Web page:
Thought suppression and traumatic intrusions in undergraduate students: A correlational study

E.G.C. Rassin*, H.L.G.J. Merckelbach, P.E.H.M. Muris

*Corresponding author for this work

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Thought suppression (i.e. the process of consciously trying to avoid certain thoughts) is claimed to promote memory loss, but also to increase the frequency of intrusive thoughts (i.e. hyperaccessibility). Although these effects seem contradictory, Wegner, Quillian and Houston [Wegner, D. M., Quillian, F., & Houston, C. (1996). Memories out of order: Thought suppression and the disassembly of remembered experience. Journal of Personality and Social Psychology, 71, 680-691.] succeeded in reconciling them by postulating the "scene activation" hypothesis. According to this hypothesis, hyperaccessibility of isolated intrusive memories, due to thought suppression, leads to perceived fragmentation (i.e. snapshot likeness) of the memory of the whole event, ultimately resulting in a perception of (partial) memory loss. To investigate this chain of events, undergraduate students (n = 110) completed questionnaires about thought suppression and their memories of highly adverse experiences. Correlational analyses revealed that thought suppression was positively related to hyperaccessibility, snapshot likeness, and memory loss. Structural equation modelling elucidated that thought suppression is not necessarily the cause of these memory characteristics.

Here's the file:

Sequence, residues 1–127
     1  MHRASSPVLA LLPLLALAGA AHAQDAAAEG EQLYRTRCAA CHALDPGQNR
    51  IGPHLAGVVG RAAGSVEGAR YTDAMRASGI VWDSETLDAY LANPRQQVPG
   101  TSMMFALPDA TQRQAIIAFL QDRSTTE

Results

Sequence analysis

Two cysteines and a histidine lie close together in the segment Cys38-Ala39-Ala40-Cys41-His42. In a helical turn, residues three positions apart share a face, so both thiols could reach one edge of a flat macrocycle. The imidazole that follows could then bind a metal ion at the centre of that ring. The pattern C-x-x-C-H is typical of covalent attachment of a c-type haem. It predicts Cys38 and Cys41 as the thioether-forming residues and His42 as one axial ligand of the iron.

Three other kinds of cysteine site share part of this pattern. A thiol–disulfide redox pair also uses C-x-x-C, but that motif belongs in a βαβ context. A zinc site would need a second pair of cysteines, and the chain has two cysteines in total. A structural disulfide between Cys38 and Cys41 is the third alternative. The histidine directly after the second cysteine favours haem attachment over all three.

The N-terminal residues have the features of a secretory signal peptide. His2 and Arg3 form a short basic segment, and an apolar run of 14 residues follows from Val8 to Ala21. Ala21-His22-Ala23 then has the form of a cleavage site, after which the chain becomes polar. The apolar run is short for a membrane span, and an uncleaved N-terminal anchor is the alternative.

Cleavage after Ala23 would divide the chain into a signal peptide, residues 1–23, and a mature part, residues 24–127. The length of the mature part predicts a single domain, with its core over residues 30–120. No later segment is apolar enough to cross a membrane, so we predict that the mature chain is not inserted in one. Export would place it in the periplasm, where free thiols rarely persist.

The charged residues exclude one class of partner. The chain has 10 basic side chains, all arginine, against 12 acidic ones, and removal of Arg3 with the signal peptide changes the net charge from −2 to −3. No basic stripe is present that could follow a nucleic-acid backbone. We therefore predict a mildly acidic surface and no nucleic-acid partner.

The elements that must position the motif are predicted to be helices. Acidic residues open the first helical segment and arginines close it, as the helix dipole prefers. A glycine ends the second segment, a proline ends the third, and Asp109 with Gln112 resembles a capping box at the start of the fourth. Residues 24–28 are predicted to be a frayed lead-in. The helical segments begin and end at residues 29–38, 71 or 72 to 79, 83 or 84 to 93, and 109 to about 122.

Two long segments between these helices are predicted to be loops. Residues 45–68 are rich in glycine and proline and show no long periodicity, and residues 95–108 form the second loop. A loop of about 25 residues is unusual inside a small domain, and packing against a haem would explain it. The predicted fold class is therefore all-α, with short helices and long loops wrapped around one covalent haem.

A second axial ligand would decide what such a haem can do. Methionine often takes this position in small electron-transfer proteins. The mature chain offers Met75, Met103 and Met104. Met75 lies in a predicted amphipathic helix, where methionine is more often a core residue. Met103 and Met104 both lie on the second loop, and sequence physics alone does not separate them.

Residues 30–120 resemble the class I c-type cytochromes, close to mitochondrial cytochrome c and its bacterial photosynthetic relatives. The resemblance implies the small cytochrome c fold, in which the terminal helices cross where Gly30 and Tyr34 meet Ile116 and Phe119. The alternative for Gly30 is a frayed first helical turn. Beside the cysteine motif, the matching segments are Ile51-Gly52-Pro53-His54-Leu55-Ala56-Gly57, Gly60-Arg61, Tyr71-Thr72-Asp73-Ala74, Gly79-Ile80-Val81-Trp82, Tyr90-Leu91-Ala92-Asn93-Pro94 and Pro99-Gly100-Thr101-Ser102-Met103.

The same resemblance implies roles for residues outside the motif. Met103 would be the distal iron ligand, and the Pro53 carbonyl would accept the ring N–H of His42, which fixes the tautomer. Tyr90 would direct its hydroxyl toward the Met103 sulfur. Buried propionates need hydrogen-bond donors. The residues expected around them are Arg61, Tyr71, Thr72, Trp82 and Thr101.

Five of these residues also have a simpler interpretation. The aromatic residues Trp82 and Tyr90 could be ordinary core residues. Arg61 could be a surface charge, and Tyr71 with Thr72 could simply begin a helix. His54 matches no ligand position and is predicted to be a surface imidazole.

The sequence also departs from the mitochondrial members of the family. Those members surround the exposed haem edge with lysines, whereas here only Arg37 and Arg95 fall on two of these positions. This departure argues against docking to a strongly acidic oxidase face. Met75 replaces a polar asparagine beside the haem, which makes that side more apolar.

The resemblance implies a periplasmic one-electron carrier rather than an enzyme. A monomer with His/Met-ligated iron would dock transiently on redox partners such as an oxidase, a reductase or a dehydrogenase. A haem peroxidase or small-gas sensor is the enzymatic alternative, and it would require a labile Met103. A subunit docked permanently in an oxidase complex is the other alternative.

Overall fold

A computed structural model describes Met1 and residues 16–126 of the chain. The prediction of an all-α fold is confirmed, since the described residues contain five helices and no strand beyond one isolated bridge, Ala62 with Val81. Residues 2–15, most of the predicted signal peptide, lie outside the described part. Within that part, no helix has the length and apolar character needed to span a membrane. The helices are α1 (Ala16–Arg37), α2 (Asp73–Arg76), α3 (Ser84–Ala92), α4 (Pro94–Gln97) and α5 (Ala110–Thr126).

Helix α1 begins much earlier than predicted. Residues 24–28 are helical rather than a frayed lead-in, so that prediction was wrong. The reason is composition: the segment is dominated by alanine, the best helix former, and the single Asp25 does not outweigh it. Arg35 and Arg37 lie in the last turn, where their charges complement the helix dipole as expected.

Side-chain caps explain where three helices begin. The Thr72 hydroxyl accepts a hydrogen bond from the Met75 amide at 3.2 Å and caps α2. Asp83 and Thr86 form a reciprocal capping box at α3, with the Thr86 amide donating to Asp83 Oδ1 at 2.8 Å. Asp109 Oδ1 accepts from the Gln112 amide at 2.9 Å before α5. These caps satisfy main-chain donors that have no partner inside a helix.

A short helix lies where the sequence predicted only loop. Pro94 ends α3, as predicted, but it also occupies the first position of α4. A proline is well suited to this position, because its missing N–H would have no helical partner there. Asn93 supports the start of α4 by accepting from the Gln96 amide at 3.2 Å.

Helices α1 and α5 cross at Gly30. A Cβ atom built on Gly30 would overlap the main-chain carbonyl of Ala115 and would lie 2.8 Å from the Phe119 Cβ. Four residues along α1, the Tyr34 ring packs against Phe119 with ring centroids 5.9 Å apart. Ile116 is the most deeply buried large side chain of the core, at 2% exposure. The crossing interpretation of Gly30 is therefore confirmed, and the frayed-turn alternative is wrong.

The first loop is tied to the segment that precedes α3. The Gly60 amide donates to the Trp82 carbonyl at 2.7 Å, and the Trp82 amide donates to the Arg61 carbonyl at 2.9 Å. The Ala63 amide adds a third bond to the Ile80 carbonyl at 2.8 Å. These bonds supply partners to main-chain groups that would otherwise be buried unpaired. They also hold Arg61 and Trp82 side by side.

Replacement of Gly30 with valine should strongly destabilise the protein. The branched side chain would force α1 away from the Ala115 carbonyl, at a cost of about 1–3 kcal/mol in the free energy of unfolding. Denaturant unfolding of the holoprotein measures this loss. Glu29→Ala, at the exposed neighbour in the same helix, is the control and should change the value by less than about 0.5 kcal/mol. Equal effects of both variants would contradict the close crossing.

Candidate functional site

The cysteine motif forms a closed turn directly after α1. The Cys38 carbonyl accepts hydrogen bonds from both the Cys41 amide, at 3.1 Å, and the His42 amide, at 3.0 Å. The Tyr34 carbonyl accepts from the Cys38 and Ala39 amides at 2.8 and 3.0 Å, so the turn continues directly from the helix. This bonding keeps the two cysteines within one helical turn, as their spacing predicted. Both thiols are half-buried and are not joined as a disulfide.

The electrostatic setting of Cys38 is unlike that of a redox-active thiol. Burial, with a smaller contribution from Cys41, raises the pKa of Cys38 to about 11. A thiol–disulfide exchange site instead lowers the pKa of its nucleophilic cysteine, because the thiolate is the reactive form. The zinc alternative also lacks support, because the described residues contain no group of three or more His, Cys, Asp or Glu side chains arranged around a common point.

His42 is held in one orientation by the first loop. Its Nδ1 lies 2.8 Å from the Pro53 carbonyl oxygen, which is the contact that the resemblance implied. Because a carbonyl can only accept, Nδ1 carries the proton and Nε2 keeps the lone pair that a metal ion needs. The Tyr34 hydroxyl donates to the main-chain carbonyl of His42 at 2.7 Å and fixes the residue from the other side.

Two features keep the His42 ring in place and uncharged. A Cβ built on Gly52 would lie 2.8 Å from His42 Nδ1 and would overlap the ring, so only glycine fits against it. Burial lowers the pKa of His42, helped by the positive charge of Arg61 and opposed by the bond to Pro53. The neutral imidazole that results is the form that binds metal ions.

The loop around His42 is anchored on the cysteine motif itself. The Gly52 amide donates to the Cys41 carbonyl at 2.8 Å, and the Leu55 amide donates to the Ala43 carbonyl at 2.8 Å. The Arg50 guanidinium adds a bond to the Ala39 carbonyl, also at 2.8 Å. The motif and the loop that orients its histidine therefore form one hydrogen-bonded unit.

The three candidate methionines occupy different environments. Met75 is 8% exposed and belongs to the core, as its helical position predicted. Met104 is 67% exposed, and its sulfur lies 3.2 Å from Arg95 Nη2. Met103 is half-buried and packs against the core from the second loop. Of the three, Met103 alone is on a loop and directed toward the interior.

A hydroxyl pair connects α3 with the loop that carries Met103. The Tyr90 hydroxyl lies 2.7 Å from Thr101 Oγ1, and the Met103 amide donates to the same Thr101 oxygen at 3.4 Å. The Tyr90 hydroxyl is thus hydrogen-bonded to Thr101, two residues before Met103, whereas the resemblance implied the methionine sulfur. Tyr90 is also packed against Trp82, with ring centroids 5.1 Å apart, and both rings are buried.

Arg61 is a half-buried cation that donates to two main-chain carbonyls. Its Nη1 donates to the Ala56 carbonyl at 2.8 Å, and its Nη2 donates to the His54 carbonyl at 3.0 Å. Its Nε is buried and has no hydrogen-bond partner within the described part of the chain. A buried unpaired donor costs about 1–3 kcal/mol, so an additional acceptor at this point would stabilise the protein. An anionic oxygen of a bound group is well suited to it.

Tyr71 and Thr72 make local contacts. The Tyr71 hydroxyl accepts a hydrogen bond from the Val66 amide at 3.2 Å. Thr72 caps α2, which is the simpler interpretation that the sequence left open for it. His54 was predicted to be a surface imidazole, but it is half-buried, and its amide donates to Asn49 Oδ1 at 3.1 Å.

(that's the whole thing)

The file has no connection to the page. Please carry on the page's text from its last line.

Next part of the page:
Original languageEnglish
Pages (from-to)485-493
JournalPersonality and Individual Differences
Publication statusPublished - 1 Jan 2001

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